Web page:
Max Emil Schön

PhD Student

Background

After finishing highschool I wanted to study something in the intersection between biology, geology and environmental sciences. So I started to study Geoecology at the University of Tübingen in Germany. I enjoyed the multidisciplinarity of the program, but I focused more and more on the biology of plant symbiotic fungi. I especially became intrigued by using sequencing data and phylogenetics to understand evolutionary patterns as well as discover the largely hidden biodiversity of microscopical organisms.

After my Bachelor’s thesis on phylogenetics it was clear to me that a much more profound knowledge on algorithms and analysis methods was needed to make use of the full potential of the increasingly massive sequencing data. I therefore started two parallel Master’s degrees, one in Geoecology and one in Bioinformatics. After several Introductory courses in Bioinformatics I finally felt comfortable in the terminal as well with different types of programming languages. I finished both degrees in 2016 with a combined Master’s thesis on metabarcoding methods for the assessment of microbial fungal diversity. Since October 2016 I am a PhD student here at the Ettema-lab.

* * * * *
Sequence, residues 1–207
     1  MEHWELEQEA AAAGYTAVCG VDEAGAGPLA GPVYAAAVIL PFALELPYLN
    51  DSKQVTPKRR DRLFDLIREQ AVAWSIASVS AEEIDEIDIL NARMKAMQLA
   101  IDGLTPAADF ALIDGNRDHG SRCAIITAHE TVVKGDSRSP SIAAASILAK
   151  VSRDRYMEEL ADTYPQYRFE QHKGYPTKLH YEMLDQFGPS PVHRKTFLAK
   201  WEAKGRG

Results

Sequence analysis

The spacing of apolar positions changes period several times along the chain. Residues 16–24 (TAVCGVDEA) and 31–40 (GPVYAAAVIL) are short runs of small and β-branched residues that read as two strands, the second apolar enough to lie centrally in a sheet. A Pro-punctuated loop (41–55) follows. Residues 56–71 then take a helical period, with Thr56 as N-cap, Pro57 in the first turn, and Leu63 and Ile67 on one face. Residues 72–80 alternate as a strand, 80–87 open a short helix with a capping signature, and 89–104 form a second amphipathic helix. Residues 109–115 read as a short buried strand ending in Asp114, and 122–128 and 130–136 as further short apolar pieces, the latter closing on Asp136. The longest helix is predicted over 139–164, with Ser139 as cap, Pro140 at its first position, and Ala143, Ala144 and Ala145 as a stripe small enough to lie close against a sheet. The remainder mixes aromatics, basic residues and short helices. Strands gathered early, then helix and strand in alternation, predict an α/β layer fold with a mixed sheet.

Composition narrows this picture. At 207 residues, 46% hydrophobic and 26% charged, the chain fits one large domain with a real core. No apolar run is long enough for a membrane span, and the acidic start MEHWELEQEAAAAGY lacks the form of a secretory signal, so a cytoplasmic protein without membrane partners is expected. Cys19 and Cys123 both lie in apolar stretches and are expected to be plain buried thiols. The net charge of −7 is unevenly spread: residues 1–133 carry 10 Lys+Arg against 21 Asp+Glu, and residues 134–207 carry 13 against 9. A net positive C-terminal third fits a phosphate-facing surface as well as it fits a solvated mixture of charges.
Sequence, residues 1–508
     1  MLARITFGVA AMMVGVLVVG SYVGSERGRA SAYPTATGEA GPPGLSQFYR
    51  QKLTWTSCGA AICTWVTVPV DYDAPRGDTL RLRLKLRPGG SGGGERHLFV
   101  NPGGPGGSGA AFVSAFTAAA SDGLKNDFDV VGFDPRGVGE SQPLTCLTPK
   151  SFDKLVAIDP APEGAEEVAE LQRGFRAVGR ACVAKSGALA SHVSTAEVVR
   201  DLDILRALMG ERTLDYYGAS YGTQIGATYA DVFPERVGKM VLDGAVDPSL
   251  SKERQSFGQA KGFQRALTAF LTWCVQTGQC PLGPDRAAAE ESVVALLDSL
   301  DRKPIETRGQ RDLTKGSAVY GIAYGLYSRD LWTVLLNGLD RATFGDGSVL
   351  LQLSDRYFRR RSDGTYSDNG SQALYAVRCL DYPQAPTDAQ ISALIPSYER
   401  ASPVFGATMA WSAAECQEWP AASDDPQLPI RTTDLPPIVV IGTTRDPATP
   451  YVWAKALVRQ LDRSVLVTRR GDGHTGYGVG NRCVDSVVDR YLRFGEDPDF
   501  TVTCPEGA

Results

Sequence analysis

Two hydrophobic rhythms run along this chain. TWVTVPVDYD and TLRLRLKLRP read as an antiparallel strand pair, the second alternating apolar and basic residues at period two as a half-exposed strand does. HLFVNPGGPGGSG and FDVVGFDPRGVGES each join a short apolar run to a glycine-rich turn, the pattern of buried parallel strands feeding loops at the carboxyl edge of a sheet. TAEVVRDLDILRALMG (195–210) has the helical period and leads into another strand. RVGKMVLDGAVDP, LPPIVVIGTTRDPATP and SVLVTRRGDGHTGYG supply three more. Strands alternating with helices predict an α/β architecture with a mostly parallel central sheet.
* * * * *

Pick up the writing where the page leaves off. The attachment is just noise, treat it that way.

Main Research Interests
My PhD project is part of the Marie Skłodowska-Curie SINGEK (www.singek.eu) training network, involving several research groups across Europe. The main focus of my project is to use Single Cell Genomics (and Transcriptomics) as well as Metagenomics data to investigate the early evolutionary history of eukaryotes. An additional focus will be laid on the evolutionary relationships between protists and their organelles. I will use state of the art phylogenomics and comparative genomics approaches to investigate the signal of evolution present in today’s prokaryotes and (basal) eukaryotes. Current developments in Single Cell Sequencing and Metagenomics allow us to gather vast amounts of data on unculturable and thus previously unknown organisms. Using these sequences we search for early diverging lineages to resolve the topology at the base of the eukaryotic tree of life.

Together with the other students involved in SINGEK our aim is to promote the application of cultivation-independent methods to study eukaryotic evolution, including the development of new lab techniques, new computational methods specific for this type of data as well as theoretical work on the origin of eukaryotes.

Additional Research Interests
Besides my work here at the Ettema-lab I am interested in the diversity an ecology of both plants and fungi. I have been involved in several field trips to the Arctic, the european alps as well as the most southern part of the american continent, and I am fascinated by the hardiness that those organisms have evolved to survive in those environments.